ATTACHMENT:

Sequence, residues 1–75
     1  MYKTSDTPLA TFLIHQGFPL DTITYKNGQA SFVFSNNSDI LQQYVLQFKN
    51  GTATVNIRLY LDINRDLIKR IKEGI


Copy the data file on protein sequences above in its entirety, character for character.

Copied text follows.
Sequence, residues 1–75
     1  MYKTSDTPLA TFLIHQGFPL DTITYKNGQA SFVFSNNSDI LQQYVLQFKN
    51  GTATVNIRLY LDINRDLIKR IKEGI